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      Frequently Asked Questions About Celiac Disease   09/30/2015

      This Celiac.com FAQ on celiac disease will guide you to all of the basic information you will need to know about the disease, its diagnosis, testing methods, a gluten-free diet, etc.   Subscribe to Celiac.com's FREE weekly eNewsletter   What are the major symptoms of celiac disease? Celiac Disease Symptoms What testing is available for celiac disease? - list blood tests, endo with biopsy, genetic test and enterolab (not diagnostic) Celiac Disease Screening Interpretation of Celiac Disease Blood Test Results Can I be tested even though I am eating gluten free? How long must gluten be taken for the serological tests to be meaningful? The Gluten-Free Diet 101 - A Beginner's Guide to Going Gluten-Free Is celiac inherited? Should my children be tested? Ten Facts About Celiac Disease Genetic Testing Is there a link between celiac and other autoimmune diseases? Celiac Disease Research: Associated Diseases and Disorders Is there a list of gluten foods to avoid? Unsafe Gluten-Free Food List (Unsafe Ingredients) Is there a list of gluten free foods? Safe Gluten-Free Food List (Safe Ingredients) Gluten-Free Alcoholic Beverages Distilled Spirits (Grain Alcohols) and Vinegar: Are they Gluten-Free? Where does gluten hide? Additional Things to Beware of to Maintain a 100% Gluten-Free Diet What if my doctor won't listen to me? An Open Letter to Skeptical Health Care Practitioners Gluten-Free recipes: Gluten-Free Recipes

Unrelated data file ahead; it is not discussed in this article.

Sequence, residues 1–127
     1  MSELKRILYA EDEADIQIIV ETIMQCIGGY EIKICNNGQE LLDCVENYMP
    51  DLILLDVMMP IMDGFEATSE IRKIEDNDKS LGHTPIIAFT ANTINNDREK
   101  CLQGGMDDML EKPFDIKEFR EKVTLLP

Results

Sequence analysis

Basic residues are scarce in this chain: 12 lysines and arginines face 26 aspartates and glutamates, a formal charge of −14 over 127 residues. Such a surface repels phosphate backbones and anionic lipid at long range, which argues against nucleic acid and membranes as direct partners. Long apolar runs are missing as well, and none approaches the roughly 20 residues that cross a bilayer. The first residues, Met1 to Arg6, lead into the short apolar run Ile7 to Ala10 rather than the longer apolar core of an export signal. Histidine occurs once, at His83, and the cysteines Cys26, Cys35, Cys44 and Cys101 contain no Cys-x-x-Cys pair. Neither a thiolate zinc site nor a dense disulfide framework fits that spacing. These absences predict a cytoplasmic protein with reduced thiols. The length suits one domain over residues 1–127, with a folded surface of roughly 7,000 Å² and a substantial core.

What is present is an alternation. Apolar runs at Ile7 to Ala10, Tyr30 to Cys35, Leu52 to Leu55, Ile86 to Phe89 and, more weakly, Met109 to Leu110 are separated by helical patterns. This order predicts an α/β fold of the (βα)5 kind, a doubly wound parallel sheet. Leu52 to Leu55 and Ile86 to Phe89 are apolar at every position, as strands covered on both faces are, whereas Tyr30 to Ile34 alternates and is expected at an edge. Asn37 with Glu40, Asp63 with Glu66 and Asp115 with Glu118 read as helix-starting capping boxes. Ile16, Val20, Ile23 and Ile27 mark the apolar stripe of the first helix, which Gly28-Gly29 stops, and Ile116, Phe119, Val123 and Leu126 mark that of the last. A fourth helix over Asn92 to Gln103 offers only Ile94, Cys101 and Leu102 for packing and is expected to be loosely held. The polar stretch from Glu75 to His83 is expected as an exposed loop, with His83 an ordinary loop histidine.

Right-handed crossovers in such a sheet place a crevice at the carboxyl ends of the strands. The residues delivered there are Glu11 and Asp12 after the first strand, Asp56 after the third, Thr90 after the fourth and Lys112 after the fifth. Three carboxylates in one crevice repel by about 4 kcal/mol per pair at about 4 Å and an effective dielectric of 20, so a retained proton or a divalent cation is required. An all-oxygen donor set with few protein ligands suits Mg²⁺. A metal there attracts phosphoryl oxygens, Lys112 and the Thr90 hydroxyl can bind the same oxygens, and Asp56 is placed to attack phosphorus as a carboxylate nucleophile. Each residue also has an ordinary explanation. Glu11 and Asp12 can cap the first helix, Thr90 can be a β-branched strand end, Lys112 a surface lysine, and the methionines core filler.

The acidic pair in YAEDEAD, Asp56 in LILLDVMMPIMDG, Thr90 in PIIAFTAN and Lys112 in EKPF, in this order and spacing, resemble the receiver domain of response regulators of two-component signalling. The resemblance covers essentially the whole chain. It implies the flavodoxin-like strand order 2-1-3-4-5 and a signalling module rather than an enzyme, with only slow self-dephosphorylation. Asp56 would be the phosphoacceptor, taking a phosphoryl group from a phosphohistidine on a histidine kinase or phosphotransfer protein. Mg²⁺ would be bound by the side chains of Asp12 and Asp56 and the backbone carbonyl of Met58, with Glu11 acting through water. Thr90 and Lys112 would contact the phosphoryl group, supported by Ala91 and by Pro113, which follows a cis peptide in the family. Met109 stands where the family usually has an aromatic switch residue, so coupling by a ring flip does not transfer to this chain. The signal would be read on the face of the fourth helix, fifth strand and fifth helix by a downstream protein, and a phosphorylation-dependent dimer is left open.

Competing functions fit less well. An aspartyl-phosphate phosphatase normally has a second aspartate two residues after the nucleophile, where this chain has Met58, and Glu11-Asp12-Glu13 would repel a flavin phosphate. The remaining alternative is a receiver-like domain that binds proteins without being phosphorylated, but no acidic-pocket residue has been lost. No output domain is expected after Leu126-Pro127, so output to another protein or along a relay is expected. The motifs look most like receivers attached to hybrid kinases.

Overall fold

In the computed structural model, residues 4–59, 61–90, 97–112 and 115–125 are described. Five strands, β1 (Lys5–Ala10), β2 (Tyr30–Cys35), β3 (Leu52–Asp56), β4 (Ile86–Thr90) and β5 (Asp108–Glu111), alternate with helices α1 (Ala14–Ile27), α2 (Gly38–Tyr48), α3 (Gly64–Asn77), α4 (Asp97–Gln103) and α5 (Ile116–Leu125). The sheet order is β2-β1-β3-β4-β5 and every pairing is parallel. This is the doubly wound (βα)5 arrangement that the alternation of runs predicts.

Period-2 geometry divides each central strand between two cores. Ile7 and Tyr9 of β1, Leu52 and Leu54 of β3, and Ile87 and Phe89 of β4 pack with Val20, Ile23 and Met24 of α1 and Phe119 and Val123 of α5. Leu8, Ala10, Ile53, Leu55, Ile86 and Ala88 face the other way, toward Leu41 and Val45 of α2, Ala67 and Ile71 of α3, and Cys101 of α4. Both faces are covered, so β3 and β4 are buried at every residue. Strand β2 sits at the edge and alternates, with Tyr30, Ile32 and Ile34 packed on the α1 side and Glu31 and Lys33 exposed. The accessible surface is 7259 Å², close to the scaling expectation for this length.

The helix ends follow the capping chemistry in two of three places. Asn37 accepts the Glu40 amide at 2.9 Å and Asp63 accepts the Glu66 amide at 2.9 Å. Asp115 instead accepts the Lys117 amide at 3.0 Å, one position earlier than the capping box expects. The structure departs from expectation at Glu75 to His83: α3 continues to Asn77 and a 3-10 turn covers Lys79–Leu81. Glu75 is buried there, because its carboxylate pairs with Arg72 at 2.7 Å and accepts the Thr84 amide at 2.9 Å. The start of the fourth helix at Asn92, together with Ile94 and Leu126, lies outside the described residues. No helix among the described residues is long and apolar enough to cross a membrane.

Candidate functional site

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IrishHeart

Newbie Info 101

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Additional products people ask about:

San-J Organic Tamari Gluten Free Soy Sauce is available.

McCormick single spice/herbs and vanilla are gluten free.

For spice blends, be sure to read the labels!!

Spice blends can not hide grain (gluten). Seasoning blends are a whole different ball game.

Edited by psawyer
Spices are not the same as seasoning.
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If you wish to add to this discussion, please post here

Appropriate comments will be merged into the thread.

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Updated 11/1/12 by IrishHeart

A list of symptoms and conditions associated with Celiac from the Univ. of Chicago Celiac Disease Center